PALM BEACH COUNTY, Fla. — Residents along the C-51 canal and Lake Clarke say algae in the water became more of a problem this past weekend.
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New video Monday showed algae on the east and west sides of the C-51 canal near Lake Clarke Shores.
Homeowners told WPTV Friday that the bloom first appeared a couple of weeks ago and was more noticeable in front of his home.
"It was horrible. I couldn't even see black water. It was all green. When boats went by you could see it rippling off the boats," said James Sylvester, who lives on a canal in unincorporated Palm Beach County.
He said the algae is getting worse.
"Yesterday, it was all green everywhere," Sylvester said.
He said this weekend the algae suddenly starting spreading, coming in from the C-51 canal and in the back of his home.
"I took my jet skis out [of the water], and put them in the garage. We're not using them until this is cleared up," Sylvester said. "There's people out there skiing in it. There's people out there water skiing and swimming in it," Sylvester said.
Residents have suspicions that the algae may be coming from water releases from Lake Okeechobee in an effort to control the lake’s water level.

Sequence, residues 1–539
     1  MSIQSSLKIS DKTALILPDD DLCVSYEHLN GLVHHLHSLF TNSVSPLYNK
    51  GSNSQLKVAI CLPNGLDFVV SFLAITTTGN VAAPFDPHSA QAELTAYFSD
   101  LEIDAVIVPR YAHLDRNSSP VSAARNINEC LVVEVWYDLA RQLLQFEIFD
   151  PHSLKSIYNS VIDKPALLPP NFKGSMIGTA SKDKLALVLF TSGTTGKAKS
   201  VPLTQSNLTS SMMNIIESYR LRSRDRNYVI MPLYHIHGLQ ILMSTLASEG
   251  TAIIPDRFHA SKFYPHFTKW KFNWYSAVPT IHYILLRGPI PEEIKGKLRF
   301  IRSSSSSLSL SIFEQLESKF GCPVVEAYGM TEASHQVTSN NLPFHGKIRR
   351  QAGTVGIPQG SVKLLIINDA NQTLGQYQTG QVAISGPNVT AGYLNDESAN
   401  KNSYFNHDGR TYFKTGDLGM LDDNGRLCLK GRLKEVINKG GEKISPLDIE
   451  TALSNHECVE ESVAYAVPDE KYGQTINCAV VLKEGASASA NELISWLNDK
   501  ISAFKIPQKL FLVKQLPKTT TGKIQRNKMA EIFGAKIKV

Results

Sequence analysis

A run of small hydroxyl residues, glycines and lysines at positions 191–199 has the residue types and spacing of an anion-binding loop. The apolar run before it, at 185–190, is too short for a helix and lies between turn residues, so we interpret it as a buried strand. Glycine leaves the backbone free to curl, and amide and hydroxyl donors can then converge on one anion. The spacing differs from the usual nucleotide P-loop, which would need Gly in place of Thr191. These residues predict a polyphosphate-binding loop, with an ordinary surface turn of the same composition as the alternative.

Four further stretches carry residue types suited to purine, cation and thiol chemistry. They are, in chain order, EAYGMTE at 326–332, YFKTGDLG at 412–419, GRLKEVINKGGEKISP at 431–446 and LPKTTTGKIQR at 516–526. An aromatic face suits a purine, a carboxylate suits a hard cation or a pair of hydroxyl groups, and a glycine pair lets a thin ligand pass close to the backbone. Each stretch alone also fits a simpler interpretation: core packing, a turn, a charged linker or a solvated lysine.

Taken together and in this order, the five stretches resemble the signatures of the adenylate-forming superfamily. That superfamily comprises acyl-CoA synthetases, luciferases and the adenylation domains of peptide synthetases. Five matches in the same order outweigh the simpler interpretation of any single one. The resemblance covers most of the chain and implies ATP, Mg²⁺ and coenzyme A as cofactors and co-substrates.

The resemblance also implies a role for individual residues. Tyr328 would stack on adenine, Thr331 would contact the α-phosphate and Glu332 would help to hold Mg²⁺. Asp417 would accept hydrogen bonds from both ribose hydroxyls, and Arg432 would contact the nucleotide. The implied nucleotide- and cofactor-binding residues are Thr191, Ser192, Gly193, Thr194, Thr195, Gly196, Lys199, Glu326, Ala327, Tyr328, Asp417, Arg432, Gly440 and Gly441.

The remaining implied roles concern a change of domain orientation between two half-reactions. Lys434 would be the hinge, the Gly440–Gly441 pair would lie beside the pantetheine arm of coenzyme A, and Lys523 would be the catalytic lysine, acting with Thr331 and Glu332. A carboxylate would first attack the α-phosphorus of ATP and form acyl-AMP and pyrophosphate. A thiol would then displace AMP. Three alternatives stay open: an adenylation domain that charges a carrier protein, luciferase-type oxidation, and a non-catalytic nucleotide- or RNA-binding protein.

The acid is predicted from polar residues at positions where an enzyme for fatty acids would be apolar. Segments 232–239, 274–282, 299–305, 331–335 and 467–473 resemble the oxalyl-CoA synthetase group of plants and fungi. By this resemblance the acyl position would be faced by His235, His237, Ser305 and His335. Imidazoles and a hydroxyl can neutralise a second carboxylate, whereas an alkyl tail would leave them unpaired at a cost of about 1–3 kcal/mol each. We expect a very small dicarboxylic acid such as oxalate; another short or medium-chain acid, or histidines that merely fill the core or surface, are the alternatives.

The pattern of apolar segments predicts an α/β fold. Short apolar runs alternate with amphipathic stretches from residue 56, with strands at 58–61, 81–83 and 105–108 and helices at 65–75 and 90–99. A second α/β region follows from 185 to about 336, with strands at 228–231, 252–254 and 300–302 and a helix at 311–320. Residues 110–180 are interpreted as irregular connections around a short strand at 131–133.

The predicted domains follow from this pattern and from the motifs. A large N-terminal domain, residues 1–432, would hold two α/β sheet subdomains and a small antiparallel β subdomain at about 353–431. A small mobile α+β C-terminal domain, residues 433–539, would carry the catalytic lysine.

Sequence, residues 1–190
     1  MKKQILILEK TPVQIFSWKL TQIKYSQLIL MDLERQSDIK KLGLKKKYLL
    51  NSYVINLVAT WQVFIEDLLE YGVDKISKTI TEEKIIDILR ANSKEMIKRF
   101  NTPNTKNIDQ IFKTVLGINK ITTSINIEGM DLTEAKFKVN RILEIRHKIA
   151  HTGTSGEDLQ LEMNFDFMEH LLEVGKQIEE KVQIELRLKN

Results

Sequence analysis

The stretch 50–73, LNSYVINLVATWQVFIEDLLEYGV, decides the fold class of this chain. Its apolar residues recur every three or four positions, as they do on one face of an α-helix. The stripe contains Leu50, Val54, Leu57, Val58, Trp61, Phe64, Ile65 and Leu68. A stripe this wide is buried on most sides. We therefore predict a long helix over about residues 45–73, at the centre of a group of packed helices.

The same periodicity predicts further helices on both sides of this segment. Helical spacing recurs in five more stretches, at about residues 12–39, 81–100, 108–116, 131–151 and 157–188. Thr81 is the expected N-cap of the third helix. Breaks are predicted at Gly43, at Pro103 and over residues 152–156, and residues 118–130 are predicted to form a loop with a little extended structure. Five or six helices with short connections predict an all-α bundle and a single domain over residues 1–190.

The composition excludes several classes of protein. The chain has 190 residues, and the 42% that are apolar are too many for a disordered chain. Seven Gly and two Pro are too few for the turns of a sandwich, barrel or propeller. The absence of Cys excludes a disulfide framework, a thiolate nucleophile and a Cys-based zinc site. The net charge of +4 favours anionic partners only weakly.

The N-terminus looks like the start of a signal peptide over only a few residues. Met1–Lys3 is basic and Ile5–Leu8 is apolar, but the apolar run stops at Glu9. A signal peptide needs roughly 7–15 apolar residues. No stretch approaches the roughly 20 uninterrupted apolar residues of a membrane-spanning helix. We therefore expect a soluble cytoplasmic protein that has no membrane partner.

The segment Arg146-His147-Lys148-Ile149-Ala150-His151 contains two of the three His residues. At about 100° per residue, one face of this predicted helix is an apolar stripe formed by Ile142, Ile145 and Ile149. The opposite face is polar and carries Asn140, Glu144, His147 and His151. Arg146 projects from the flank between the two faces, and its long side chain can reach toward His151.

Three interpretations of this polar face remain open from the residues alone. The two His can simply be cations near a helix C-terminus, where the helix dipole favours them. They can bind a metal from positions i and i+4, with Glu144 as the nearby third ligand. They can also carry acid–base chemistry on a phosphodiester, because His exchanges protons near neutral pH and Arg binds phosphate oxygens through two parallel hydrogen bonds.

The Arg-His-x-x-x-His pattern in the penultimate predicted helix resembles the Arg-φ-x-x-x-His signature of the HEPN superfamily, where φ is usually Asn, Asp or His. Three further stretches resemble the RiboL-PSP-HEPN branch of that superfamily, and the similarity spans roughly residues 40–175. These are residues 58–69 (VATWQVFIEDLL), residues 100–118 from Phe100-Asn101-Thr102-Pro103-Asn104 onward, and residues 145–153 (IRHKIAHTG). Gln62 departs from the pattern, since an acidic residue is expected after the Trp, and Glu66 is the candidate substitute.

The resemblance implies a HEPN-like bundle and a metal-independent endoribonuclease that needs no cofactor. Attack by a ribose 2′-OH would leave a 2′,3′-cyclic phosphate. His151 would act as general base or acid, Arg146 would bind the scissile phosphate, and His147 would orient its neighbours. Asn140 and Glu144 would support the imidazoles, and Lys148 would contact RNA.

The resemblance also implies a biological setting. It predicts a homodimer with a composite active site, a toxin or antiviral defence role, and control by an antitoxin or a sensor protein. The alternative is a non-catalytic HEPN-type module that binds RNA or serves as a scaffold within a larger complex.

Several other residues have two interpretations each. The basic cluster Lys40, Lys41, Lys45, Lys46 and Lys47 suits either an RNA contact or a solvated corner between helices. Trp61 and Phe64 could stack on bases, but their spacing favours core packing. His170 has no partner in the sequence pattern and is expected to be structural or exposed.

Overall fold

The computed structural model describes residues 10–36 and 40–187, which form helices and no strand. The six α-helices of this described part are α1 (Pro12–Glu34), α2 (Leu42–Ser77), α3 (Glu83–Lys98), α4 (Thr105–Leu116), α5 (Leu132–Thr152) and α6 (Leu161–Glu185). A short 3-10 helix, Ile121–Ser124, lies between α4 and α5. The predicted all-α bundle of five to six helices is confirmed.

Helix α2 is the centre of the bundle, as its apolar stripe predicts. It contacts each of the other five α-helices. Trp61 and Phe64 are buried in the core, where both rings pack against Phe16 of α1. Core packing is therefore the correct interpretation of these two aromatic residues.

However, the South Florida Water Management District insists there have been no water releases from Lake Okeechobee into the C-51 canal and the Lake Worth Lagoon.
Today’s Palm Beach County algae report. It’s getting real thick on the east and west sides of the C51 canal near Lake Clarke Shores. @WPTVMatt and @AlexHaganMMJ are covering the worsening algae problem. #florida #bluegreenalgae @WPTV pic.twitter.com/yxfbfNK8re— Eric Pasquarelli (@PhotogEricP) May 17, 2021
Further east, down at the spillway to the Intracoastal Waterway, there are signs posted warning of possible algae in the water.
Officials with the SFWMD tested samples of the water for toxicity, but the results are still not available yet.
There has been mounting political pressure to halt the freshwater releases from Lake Okeechobee into the St. Lucie River, which has impacted the Treasure Coast for years.
The Army Corps of Engineers is currently working on strengthening the Herbert Hoover Dike and there are plans for a reservoir south of the lake to limit water releases in the future.
In the meantime, residents like Sylvester worry about the algae this summer.
"[It] makes me afraid for my kids to play in here like I used to when I was a kid," Sylvester said.